June 15, 2012

In an effort to get this blog going again, I invited some of my graduate students to contribute. I believe connecting research to practice is an important task.  I hope readers find the reviews useful.  Please comment, I know they will enjoy reading your comments! 

-Jerrid

Article Review by Anna, graduate student at Drake University.

Reference: Akerson, Valarie L., Buck, Gayle A., Donnelly, Lisa A., Nargund-Joshi, Vanasbri, & Weiland, Ingrid S. (2011). The importance of teaching and learning nature of science in the early childhood years. Journal  of Science Education and Technology, (20 )5, 537-549. DOI: 10.1007/s10956-001-9312-5 http://www.springerlink.com/content/a8tn754702x02722/

What is known:

  • Students continue to graduate high school with misconception regarding Nature of Science (NOS)
  • NOS is a key component of science literacy
  • Teachers who are not familiar with NOS through professional development or teacher preparation programs are not teaching it
  • Traditionally there has been some debate about when it is appropriate to begin teaching NOS to students. Researchers involved in this article argue it is never “too early” to begin teaching NOS to students.

What this research adds

  • Study done with kindergarten, first, second, and third grade students in a variety of urban and suburban schools
  •  Teachers taught NOS using contextualized/decontextualized instruction and explicit reflective instruction in order to determine the kinds of NOS understanding young students develop as result of this instruction.
  • Students were given a pre-test and post-test to evaluate their knowledge of NOS, work samples were also used
  • Research shows that young children can begin developing accurate conceptions about NOS
  • There were several different groups of students. The group that was followed for an entire year made the most gains in their understanding of NOS.
  • Some NOS ideas were more accessible than others. This study reports creativity, tentativeness, observation/inference, and empirical nature to be stronger than subjective and social cultural NOS ideas.
  • This study found that the third graders developed more informed conceptions of all NOS aspects.  However, this was identified as a limitation of the study…. Was it the age? Or a time issue (their understanding was built over a longer period of time).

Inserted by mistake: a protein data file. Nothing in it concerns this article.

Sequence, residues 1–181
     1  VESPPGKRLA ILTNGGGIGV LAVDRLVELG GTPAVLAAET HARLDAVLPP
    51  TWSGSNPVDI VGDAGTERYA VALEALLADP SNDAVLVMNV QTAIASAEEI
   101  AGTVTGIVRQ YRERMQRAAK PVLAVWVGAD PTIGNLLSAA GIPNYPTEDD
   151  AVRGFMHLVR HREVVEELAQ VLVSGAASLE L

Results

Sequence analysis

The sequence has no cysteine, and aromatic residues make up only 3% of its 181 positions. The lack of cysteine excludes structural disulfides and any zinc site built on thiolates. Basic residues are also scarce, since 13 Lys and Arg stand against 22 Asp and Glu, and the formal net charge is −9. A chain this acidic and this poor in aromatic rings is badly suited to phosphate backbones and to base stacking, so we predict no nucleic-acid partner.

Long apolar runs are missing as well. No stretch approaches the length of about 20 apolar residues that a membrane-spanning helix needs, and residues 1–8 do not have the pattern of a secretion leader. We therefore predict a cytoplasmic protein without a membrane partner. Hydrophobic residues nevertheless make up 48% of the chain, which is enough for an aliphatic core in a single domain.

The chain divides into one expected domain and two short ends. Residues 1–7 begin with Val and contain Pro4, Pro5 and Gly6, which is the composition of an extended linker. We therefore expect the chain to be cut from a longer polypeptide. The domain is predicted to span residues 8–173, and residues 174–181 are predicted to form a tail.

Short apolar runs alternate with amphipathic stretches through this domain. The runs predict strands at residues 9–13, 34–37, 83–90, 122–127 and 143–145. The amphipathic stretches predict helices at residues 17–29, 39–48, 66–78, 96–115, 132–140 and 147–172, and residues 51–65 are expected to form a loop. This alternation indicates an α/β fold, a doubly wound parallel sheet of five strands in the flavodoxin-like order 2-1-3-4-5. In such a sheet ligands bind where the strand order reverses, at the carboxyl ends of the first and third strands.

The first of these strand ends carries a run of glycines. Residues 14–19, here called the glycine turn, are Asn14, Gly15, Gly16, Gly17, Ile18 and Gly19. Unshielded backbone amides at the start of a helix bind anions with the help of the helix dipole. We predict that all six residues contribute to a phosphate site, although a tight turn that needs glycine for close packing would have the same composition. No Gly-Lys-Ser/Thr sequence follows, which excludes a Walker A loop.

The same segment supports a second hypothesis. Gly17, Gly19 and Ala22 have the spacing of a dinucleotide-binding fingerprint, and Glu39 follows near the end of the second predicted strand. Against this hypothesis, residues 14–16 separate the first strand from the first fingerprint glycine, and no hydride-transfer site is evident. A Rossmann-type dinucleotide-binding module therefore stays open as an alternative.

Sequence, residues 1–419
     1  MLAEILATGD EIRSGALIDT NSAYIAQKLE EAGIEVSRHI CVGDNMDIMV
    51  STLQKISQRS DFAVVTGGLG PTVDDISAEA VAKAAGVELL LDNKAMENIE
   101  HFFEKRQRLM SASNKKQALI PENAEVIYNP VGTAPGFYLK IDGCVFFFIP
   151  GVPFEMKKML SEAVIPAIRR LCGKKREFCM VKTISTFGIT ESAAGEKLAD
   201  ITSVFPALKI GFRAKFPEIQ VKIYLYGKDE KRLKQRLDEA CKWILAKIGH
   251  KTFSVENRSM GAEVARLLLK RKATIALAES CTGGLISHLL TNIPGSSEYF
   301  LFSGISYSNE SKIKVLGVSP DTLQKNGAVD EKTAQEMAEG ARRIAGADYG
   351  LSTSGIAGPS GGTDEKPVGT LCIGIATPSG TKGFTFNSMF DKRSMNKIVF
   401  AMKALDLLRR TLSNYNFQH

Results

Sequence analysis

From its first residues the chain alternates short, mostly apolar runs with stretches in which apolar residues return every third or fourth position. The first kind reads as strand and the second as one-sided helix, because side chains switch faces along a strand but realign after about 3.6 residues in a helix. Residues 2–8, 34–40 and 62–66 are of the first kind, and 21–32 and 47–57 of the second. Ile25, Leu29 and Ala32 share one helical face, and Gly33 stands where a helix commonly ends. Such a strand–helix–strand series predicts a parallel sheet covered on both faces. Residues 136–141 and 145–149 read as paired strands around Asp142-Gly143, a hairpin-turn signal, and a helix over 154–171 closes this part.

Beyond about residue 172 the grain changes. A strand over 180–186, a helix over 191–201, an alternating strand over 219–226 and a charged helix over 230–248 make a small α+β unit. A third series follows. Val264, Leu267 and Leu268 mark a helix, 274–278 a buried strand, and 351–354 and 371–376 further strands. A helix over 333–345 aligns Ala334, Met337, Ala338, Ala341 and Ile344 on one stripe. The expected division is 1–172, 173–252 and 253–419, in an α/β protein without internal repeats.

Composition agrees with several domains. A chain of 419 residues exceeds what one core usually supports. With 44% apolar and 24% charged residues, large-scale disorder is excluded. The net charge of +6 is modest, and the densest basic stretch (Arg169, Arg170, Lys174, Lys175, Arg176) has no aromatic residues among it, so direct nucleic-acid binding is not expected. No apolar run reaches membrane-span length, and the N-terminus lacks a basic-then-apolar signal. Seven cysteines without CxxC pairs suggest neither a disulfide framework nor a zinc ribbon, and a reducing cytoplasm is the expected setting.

• Research shows either a combination of contextualized and decontextualized or simply contextualized NOS is effecting at improving NOS conceptions paired with explicit reflection instruction.

Implications for practice:

  • A great resource for teachers!   This article includes a table showing NOS concepts, objectives, and the activities researchers used to teach these concepts. This table would be a great resource for teachers wishing to integrate more NOS teaching into their teaching. The activities include things such as: children’s books, decontextualized activities (Oobleck, think tubes), and hands-on activities with content (creating an environment for meal worms).
  • NOS does not have to be something that is “added on” to the curriculum. Rather, it can be taught in a contextualized fashion with science content that is already being taught.
  • Young children are capable of learning NOS ideas- NOS instruction should start when all instruction begins!
  • Begin teaching more accessible aspects of NOS (observation, inference) and continue to more difficult ones (subjectivity, social cultural NOS).
  • NOS is more effective when integrated throughout instruction (as opposed to doing a unit or mini lesson).
  • Another thought: This article shared some quotes from students as they are developing their NOS ideas….In some cases it is hard to tell where their misconceptions lie. You may think a student “gets it”—– when really they don’t. For example, when asked about scientists being creative, one girl began talking about mixing colors and how they change. While this is creative, and a scientist may do something similar, through further questioning, researchers determined her perception of creativity was tied with that of artists. (Her misconception being artists are creative, scientists are not).